severe psoriasis who aren't responding to other treatments or can't use
them. It usually clears up psoriasis within six weeks, but is generally
only effective while patients take it. Side effects include impaired
kidney function and high blood pressure.
- Soriatane (acitretin),
a retinoid, which is a class of compounds related to vitamin A that
affect how quickly cells grow. They are used to treat plaque,
erythrodermic and pustular psoriasis, especially if patients don't
respond to other therapies. Patients usually see improvement within two
to four months. Retinoids can clear up psoriasis for a few weeks to
more than a year, but they can also cause birth defects, so women of
child-bearing age must use contraception while taking the drug.
therapies are systemic medications that target specific proteins in the
body. Traditional drugs affect all the cells in the body, but biologics
target only specific cells or specific proteins and therefore may be
more effective and cause fewer side effects. Biologics used for
- Amevive (alefacept): Amevive blocks the
action of overactive immune cells (T cells) that eventually cause
excessive growth of skin cells. Amevive is indicated for adults with
moderate to severe chronic plaque psoriasis who are candidates for
systemic therapy or phototherapy. It is injected into the muscle once a
- Enbrel (etanercept): Enbrel blocks the
action of a protein that causes inflammation (TNF). It has been
approved for treatment of adults with chronic moderate to severe plaque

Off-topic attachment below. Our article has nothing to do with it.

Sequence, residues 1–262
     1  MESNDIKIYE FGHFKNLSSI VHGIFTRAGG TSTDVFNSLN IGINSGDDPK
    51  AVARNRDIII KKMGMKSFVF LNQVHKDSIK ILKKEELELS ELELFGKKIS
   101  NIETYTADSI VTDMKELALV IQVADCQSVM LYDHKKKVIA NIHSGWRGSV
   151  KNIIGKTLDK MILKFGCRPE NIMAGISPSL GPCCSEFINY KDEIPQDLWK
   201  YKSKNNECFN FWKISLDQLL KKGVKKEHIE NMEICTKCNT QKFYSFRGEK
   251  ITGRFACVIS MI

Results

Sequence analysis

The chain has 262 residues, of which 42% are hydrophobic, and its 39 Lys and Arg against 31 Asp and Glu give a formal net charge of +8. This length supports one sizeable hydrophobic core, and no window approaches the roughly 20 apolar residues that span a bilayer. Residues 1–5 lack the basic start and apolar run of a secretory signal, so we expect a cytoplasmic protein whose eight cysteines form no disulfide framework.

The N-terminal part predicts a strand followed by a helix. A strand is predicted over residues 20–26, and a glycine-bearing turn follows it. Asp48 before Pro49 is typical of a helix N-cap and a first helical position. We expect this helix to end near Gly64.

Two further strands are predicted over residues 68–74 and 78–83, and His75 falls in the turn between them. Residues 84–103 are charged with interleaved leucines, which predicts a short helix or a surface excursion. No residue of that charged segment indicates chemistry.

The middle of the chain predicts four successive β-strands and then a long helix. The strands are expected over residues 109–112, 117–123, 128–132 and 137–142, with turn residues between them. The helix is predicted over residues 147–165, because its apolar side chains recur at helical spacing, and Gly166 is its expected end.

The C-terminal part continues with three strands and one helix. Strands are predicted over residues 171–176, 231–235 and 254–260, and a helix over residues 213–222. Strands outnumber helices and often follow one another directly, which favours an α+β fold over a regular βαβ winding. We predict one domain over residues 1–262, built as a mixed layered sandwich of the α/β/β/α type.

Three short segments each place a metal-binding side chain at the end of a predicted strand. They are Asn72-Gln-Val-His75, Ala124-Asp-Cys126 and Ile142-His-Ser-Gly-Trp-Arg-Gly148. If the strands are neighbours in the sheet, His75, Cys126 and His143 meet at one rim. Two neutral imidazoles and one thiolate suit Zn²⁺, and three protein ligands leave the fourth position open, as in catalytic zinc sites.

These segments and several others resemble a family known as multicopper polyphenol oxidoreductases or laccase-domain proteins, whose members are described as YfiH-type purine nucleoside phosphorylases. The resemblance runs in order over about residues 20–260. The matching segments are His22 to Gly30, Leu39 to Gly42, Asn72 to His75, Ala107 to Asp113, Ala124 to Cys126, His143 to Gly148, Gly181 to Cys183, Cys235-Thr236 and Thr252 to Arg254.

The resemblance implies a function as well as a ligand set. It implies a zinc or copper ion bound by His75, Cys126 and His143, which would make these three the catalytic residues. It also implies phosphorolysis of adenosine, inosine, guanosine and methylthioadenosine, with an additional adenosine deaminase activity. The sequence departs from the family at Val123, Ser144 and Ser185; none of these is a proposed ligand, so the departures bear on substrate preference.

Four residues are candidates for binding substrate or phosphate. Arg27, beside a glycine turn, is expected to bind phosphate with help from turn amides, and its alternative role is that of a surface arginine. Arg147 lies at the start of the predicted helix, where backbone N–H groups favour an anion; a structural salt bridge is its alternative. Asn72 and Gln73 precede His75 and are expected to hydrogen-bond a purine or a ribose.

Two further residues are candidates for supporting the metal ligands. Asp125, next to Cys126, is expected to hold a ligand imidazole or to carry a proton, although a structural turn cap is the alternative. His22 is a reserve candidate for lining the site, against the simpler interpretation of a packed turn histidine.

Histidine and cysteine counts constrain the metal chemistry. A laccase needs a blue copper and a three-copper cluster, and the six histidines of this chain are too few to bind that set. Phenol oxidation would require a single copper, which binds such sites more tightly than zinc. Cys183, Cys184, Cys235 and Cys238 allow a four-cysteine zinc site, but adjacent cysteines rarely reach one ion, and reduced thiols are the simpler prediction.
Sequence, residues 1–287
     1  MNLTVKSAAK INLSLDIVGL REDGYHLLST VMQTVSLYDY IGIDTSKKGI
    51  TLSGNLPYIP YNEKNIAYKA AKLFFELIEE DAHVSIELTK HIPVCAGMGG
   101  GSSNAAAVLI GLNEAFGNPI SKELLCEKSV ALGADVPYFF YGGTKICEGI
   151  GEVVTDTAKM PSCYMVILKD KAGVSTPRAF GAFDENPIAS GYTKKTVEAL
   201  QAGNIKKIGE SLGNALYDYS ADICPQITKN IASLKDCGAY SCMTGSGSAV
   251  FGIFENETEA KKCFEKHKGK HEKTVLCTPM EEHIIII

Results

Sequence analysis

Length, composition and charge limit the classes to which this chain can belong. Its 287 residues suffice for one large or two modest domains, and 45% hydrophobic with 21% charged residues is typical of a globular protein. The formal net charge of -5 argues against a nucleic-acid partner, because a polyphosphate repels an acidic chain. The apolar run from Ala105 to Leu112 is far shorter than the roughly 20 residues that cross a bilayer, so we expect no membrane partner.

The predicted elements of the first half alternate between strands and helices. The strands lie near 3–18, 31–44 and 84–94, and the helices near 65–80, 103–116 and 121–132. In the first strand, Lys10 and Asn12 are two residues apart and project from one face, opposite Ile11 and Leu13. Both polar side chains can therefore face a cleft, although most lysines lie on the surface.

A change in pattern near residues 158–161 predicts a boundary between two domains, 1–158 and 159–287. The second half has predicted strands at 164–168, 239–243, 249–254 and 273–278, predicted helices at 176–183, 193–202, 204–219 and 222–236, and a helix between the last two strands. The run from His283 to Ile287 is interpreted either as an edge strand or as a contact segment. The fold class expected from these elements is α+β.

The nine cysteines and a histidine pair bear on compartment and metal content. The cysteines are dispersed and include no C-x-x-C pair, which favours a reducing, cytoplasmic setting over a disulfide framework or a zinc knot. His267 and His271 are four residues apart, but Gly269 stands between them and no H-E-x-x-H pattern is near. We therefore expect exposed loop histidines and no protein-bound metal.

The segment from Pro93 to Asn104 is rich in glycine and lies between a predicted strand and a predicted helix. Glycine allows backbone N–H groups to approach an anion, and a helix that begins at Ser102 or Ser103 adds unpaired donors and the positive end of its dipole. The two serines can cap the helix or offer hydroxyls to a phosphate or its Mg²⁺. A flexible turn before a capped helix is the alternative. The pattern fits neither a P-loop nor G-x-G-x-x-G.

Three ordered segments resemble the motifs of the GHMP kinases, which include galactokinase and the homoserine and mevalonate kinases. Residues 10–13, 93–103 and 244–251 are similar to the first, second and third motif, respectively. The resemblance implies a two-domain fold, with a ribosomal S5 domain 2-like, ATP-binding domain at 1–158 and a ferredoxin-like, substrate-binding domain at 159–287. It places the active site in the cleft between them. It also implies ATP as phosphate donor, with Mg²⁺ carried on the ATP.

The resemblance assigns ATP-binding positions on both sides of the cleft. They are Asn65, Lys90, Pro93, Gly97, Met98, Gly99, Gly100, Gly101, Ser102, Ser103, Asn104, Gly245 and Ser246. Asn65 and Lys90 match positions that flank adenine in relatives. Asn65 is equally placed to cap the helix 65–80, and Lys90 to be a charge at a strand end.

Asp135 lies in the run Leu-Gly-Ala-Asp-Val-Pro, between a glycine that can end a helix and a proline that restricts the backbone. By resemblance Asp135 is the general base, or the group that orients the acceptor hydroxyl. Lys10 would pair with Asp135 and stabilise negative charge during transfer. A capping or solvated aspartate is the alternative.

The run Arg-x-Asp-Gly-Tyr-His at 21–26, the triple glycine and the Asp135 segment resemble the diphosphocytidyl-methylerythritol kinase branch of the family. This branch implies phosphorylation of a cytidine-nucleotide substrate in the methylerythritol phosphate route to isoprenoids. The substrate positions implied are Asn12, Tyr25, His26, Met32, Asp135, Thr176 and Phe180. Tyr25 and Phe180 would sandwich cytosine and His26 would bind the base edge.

psoriasis who are candidates for systemic therapy or phototherapy.
Enbrel is also indicated in psoriatic arthritis. It is injected under
the skin once a week. (This made the enjection site extreamly itchy, swollen, hot, red.... it was basically a welt. I think I may have been allergic to this.)
- Humira (adalimumab):
Humira blocks the action of a protein called TNF that causes
inflammation. Humira is indicated for the treatment of adult patients
with moderate to severe plaque psoriasis who are candidates for
systemic therapy or phototherapy, and when other systemic therapies are
medically less appropriate. Humira is also indicated for the treatment
of psoriatic arthritis. It is injected under the skin once every two
weeks. (Best thing on earth! Who ever invented this needs to be kissed! It worked for me!!!)
- Raptiva (efalizumab): Raptiva is
indicated for the treatment of adult patients (18 or older) with
chronic moderate to severe plaque psoriasis who are candidates for
systemic therapy or phototherapy. Raptiva works under the skin and
prevents the T cells that cause psoriasis from becoming activated and
entering the skin. It is injected under the skin.
- Remicade (infliximab):
Remicade is indicated for the treatment of adult patients with chronic
severe (i.e., extensive and/or disabling) plaque psoriasis who are
candidates for systemic therapy and when other systemic therapies are
medically less appropriate. It is also approved for the treatment of
psoriatic arthritis. Remicade blocks the action of a protein that
causes inflammation (TNF). It is given by intravenous infusion either
in a doctor’s office or in an infusion center.